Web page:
A quick navigation through the stacks yields booty such as
- David Cordingly, Under the Black Flag: The Romance and the Reality of Life Among the Pirates (1996)
- Peter T. Leeson, The Invisible Hook: The Hidden Economics of Pirates (2009)
- Steven Johnson, Enemy of All Mankind: A True Story of Piracy, Power, and History's First Global Manhunt (2020)
- Colin Woodard, The Republic of Pirates: Being the True and Surprising Story of the Caribbean Pirates and the Man Who Brought Them Down (2007)
- Daniel Sekulich, Terror on the Seas: True Tales of Modern-Day Pirates (2009)
- Jay Bahadur, The Pirates of Somalia: Inside Their Hidden World (2011)
- John S. Burnett, Dangerous Waters: Modern Piracy and Terror on the High Seas (2002)
- Richard Phillips with Stephan Talty, A Captain's Duty: Somali Pirates, Navy Seals, and Dangerous Days at Sea (2010)
- Edward Rowe Snow, Pirates and Buccaneers of the Atlantic Coast (1944)
- Marcus Rediker, Outlaws of the Atlantic: Sailors, Pirates, and Motley Crews in the Age of Sail (2014)
- Stephan Talty, Empire of Blue Water: Captain Morgan's Great Pirate Army, the Epic Battle for the Americas, and the Catastrophe That Ended the Outlaws' Bloody Reign (2007)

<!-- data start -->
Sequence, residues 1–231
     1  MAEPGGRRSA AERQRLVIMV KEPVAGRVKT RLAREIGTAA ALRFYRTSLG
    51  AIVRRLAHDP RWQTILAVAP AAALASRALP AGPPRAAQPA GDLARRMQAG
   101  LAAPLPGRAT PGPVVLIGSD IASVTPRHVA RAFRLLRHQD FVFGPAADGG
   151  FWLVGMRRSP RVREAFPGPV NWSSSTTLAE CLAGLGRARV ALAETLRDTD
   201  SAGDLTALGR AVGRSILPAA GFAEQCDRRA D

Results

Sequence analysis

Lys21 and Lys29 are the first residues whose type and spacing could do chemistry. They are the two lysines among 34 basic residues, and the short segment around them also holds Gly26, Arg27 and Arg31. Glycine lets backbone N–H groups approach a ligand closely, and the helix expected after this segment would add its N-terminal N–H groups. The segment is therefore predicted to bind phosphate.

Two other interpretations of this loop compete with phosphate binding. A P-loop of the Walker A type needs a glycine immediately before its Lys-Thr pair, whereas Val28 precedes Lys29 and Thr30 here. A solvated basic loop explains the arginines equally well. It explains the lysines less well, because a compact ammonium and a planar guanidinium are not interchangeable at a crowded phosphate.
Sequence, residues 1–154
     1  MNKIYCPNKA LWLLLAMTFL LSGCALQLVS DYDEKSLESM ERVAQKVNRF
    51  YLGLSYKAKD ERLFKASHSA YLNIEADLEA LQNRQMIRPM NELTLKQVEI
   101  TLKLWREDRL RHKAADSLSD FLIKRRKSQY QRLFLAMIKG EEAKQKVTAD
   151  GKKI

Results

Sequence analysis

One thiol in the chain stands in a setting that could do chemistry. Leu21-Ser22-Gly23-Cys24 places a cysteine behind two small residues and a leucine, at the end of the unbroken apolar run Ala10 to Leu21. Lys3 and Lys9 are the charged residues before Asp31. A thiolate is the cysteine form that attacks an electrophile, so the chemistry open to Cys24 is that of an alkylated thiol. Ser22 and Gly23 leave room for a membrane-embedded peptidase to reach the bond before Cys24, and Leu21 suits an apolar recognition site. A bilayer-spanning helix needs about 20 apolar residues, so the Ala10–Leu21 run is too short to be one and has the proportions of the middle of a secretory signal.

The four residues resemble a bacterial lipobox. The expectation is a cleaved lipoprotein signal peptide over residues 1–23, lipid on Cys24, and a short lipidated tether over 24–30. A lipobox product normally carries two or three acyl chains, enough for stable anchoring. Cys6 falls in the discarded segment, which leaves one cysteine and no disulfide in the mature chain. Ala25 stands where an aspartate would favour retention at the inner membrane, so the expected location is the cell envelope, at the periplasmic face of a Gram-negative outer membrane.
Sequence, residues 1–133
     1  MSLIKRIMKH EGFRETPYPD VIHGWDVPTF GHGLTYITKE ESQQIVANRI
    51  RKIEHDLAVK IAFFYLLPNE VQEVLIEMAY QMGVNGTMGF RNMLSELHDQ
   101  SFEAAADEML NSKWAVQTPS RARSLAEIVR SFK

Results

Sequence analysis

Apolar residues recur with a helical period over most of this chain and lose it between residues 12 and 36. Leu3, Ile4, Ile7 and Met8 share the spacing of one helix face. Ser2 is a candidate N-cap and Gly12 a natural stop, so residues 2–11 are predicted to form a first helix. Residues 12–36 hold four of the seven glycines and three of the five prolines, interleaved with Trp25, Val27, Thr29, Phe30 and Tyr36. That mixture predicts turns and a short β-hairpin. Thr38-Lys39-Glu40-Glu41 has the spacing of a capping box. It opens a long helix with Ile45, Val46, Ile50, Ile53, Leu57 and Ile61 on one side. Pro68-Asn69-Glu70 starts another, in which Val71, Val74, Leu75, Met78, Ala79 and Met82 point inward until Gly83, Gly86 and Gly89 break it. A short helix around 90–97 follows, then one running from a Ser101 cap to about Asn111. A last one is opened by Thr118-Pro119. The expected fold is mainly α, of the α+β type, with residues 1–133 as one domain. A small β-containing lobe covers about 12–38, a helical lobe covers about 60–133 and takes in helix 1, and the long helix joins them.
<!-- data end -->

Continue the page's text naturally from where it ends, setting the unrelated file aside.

- Eric Jay Dolin, Black Flags, Blue Waters: The Epic History of America's Most Notorious Pirates (2018)
- Miles Harvey, The King of Confidence: A Tale of Utopian Dreamers, Frontier Schemers, True Believers, False Prophets, and the Murder of an American Monarch (2020) (Pirates in Michigan, of all places!)
- George Wycherley, Buccaneers of the Pacific (1928)
- Adrian Tinniswood, Pirates of Barbary: Corsairs, Conquests, and Captivity in the Seventeenth-Century Mediterranean (2010)
- Diana Souhami, Selkirk's Island: The True and Strange Adventures of the Real Robinson Crusoe (2001)
Davy Jones’ Cellar Pirates
- Robert Kurson, Pirate Hunters: Treasure, Obsession, and the Search for a Legendary Pirate Ship (2015)
Possibly Heroic Pirates
- Robert H. Patton, Patriot Pirates: The Privateer War for Freedom and Fortune in the American Revolution (2008)
- William C. Davis, The Pirates Laffite: The Treacherous World of the Corsairs of the Gulf (2005)
- Winston Groom, Patriotic Fire: Andrew Jackson and Jean Laffite at the Battle of New Orleans (2006)
Definitely Evil Pirates
- Ernest Obadele-Starks, Freebooters and Smugglers: The Foreign Slave Trade in the United States After 1808 (2012) - a Project Muse e-book
- Giles Milton, White Gold: The Extraordinary Story of Thomas Pellow and North Africa's One Million European Slaves (2004)